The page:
Wednesday, 10 June 2015

books that inspired cult TV series


Some of the best cult TV series of the 60s and 70s were based on literary sources. Since I also have a book blog, Vintage Pop Fictions, specialising in popular literature of the past (what could be described as Cult Literature), I thought a post on some of these literary sources might be in order (with links to my reviews).

The best-known example undoubtedly is The Saint, based on Leslie Charteris’s phenomenally successful novels and short stories chronicling the adventures of the daring rogue Simon Templar. The Simon Templar of the early Saint books is very different from the character familiar to us from the TV series - he’s both more whimsical and more ruthless and at the same time more cocky and self-confident. And while he’s unquestionably on the side of the angels it’s also much more clear that he has not always been on the right side of the law. These early Saint books like The Saint Meets his Match (originally published in 1931 as She Was a Lady), The Saint Closes the Case (AKA The Last Hero) and The Avenging Saint (originally published in 1930 under the title Knight Templar) are enormous fun.

In the late 1940s the character went through a metamorphosis. The Saint of the later stories is a bit older, a bit wiser and a bit sadder. He still feels the lure of adventure and he’s still the scourge of the ungodly but one gets the feeling that he is just a little lonely. The tone of the 60s television series is very much derived from these later story collections such as The Saint on the Spanish Main. Roger Moore captures the spirit of late-period Simon Templar remarkably well. One gets the feeling in these stories that Simon Templar is not quite at home in the new post-war world, which makes the 1960s setting of the television show even more interesting since Templar is definitely not a man of the 60s.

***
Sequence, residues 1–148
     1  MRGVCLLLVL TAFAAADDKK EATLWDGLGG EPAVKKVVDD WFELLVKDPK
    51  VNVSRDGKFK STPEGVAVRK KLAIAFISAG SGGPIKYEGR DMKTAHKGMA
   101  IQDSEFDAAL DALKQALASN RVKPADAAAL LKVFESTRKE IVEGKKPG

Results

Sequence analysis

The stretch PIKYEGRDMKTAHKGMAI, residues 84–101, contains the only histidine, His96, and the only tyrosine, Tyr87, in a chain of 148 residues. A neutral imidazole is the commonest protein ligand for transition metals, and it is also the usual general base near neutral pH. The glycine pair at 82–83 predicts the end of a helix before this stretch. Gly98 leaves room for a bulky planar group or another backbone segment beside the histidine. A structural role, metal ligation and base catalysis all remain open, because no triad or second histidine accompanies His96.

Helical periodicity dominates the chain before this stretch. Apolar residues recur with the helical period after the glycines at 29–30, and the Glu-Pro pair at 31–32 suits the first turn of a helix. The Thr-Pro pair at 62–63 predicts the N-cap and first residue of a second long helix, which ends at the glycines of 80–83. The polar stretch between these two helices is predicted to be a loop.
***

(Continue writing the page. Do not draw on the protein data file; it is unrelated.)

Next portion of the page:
The Baron was a series with obvious similarities to The Saint and the books (by the incredibly prolific John Creasey) which inspired this series were also somewhat close to the spirit of the Saint books. Judging by the first of the books, Meet the Baron, the TV series seems to have had little in common with its literary source!

Ellery Queen was another notable writer to have a television series based on his work (although Ellery Queen was of course two people, Frederic Dannay and his cousin Manfred Bennington Lee). In fact there were several Ellery Queen TV series but it's probably the 1975-76 Ellery Queen series that will be best remembered by most people. It's set in the late 1940s (actually 1947) but seems fairly close in tone to the early Ellery Queen novels of the 1930s, which happen to be some of the best detective stories of their era. Of the novels The French Powder Mystery and The Dutch Shoe Mystery are particularly good and The Greek Coffin Mystery is even better. The slightly later The Siamese Twin Mystery saw the authors moving into more bizarre territory but still with the same breath-taking mastery of plotting. The Egyptian Cross Mystery goes even further, being at times positively macabre.

Back in the late 50s Mickey Spillane’s Mike Hammer (the one with Darren McGavin as Hammer) was a surprisingly successful attempt to bring the works of this most controversial of crime writers to the small screen. Spillane created a sensation with his first novel I, the Jury in 1947. My Gun is Quick, Vengeance Is Mine! and Kiss Me, Deadly are all worth reading. Be warned though - they are much more violent than the series and very politically incorrect. 

These are of course only a small proportion of the many novels that made it to TV in this era. There are countless other examples. Several of Dorothy L. Sayers' stories such as The Unpleasantness at the Bellona Club were adapted very successfully for the 1970s Lord Peter Wimsey series.

It's intriguing to note the sometimes subtle, sometimes dramatic, differences between the original books and their TV incarnations. In some cases the changes are for the better (I personally think Lord Peter Wimsey works better on TV). In other cases the changes are not so successful (The Baron being the obvious example). 







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